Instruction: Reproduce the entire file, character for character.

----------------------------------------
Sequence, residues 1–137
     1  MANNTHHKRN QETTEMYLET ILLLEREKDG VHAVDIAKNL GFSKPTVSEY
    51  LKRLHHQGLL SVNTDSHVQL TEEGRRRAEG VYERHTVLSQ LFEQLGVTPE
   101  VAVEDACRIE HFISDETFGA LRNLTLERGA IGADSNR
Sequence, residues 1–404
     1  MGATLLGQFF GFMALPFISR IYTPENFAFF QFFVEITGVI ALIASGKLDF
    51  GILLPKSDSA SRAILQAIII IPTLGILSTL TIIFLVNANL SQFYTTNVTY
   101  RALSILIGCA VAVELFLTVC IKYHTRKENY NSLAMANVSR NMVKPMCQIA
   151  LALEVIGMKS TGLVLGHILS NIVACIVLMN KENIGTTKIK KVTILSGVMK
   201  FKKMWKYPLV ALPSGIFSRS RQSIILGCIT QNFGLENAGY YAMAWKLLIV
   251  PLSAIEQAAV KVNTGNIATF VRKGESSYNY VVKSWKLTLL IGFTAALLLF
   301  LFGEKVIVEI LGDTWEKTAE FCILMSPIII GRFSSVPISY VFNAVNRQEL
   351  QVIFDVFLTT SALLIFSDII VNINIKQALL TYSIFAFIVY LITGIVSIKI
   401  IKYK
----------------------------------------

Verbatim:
Sequence, residues 1–137
     1  MANNTHHKRN QETTEMYLET ILLLEREKDG VHAVDIAKNL GFSKPTVSEY
    51  LKRLHHQGLL SVNTDSHVQL TEEGRRRAEG VYERHTVLSQ LFEQLGVTPE
   101  VAVEDACRIE HFISDETFGA LRNLTLERGA IGADSNR
Sequence, residues 1–404
     1  MGATLLGQFF GFMALPFISR IYTPENFAFF QFFVEITGVI ALIASGKLDF
    51  GILLPKSDSA SRAILQAIII IPTLGILSTL TIIFLVNANL SQFYTTNVTY
   101  RALSILIGCA VAVELFLTVC IKYHTRKENY NSLAMANVSR NMVKPMCQIA
   151  LALEVIGMKS TGLVLGHILS NIVACIVLMN KENIGTTKIK KVTILSGVMK
   201  FKKMWKYPLV ALPSGIFSRS RQSIILGCIT QNFGLENAGY YAMAWKLLIV
   251  PLSAIEQAAV KVNTGNIATF VRKGESSYNY VVKSWKLTLL IGFTAALLLF
   301  LFGEKVIVEI LGDTWEKTAE FCILMSPIII GRFSSVPISY VFNAVNRQEL
   351  QVIFDVFLTT SALLIFSDII VNINIKQALL TYSIFAFIVY LITGIVSIKI
   401  IKYK